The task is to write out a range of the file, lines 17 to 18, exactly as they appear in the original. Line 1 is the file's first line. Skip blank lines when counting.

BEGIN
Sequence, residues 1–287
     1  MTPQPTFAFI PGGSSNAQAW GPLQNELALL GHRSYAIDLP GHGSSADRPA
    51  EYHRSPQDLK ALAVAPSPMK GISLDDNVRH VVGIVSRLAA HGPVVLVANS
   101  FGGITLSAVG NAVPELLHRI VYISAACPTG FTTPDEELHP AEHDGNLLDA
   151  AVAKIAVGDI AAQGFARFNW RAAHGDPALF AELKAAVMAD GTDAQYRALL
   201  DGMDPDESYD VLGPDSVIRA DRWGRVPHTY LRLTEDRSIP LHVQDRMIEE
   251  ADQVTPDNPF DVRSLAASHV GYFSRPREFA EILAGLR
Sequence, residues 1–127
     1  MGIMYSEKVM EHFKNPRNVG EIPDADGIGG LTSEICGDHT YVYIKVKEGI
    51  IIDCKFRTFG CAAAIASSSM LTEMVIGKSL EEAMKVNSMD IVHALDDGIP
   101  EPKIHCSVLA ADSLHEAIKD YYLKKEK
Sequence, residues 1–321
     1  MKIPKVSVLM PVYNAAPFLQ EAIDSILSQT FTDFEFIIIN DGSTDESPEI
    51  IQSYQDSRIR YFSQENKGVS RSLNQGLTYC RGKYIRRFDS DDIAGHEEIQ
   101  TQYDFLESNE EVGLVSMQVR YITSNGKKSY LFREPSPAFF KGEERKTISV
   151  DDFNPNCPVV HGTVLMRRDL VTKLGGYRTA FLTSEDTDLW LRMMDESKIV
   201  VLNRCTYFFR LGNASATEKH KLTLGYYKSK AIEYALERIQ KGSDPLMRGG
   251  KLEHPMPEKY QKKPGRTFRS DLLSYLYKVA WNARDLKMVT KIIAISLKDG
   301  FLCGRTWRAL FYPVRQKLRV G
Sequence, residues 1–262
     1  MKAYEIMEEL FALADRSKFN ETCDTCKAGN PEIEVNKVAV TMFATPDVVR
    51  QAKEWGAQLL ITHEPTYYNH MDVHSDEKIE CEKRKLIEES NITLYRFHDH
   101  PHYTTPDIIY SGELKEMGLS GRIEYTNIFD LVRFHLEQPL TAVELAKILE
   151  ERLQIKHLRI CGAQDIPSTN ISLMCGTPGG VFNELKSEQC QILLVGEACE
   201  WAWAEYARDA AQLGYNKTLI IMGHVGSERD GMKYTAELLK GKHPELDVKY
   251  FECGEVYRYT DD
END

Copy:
   201  VLNRCTYFFR LGNASATEKH KLTLGYYKSK AIEYALERIQ KGSDPLMRGG
   251  KLEHPMPEKY QKKPGRTFRS DLLSYLYKVA WNARDLKMVT KIIAISLKDG